Restrict number of sections in each class to four: directorate

Matriculation schools with more than four sections in each class have been warned by the directorate and asked to cut down on intake of students.

The director of matriculation schools said circulars asking schools to restrict the number of sections in each class to four, as per the Code of Regulation for Matriculation Schools, had already been sent. Schools were also advised to reduce the intake of students at the entry level during admissions time so the number of sections could be reduced in a phased manner.

However, it was found that some schools had not regulated their student intake this year. A fifth section can be added after getting permission from the inspector of matriculation schools.

“We had already warned schools to restrict the number of sections in each class last year. They have been given two years’ time to comply,” an official said.

Schools will also have to comply by the student-pupil ratio as per the Right of Children to Free and Compulsory Education (RTE) Act, 2009, according to which primary classes should have a teacher-pupil ratio of 1:30 and upper primary classes, 1:35.

“Classes IX to XII which do not come under the purview of the RTE Act can have up to 50 students each,” an official said. Schools in violation of the provision, however, said downsizing would be a Herculean task. The principal of a matriculation school, where there were 10 sections at least in each class, said they had created additional infrastructure and resources to match the student strength.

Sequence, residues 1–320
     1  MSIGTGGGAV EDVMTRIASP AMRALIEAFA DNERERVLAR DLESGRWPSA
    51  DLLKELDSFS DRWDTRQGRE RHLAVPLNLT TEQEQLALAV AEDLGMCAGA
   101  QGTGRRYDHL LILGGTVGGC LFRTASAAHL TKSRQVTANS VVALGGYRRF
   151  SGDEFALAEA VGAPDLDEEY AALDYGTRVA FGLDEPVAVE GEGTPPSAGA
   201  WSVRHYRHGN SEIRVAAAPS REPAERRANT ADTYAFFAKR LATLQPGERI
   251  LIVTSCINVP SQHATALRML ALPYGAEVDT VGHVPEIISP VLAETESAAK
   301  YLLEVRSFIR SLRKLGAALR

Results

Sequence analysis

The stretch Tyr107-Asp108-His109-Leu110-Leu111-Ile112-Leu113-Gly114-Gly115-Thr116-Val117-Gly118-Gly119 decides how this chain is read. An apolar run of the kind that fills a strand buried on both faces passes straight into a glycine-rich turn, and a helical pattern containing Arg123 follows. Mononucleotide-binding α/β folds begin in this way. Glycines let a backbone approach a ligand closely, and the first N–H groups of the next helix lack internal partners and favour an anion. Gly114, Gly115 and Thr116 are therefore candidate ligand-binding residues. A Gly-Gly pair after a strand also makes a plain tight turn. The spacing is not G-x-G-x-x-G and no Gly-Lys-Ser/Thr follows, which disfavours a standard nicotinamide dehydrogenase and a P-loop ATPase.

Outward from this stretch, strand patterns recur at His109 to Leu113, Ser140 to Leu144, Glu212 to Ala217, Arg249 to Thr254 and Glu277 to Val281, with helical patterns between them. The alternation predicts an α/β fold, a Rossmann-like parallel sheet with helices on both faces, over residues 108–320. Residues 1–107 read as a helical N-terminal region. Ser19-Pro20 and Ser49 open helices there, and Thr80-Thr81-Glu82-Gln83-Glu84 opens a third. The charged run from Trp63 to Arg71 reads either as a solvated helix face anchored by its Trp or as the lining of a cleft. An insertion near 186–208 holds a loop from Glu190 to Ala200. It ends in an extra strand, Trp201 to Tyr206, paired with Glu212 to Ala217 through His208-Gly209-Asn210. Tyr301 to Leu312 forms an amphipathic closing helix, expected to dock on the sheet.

“Schools that have a strength exceeding 4,000 will find it the toughest. Even if we restrict the intake of students at the entry level now, it will take many years for the change to reflect as other classes will continue to have as many sections,” the principal said. He said his school had not restricted intake at the entry-level this year.

The correspondent of a school which has a strength of 3,900 said they had been functioning with eight sections in each class since 1996. “Though the restriction was mentioned in the code it was not strictly insisted upon, until recently. We have a headmistress each for the kindergarten, primary, middle, high and higher-secondary sections other than co-ordinators, heads of departments and in-charges for the subjects,” he said.

Massive student strength in schools raises questions about the safety and management of students and the level of individual attention. The principal of a matriculation school said it was imperative that a school head recognise all her students by face, even if not by name.

“It is not possible to have a personal rapport with students and parents when you have something like 10 sections in each class,” he said.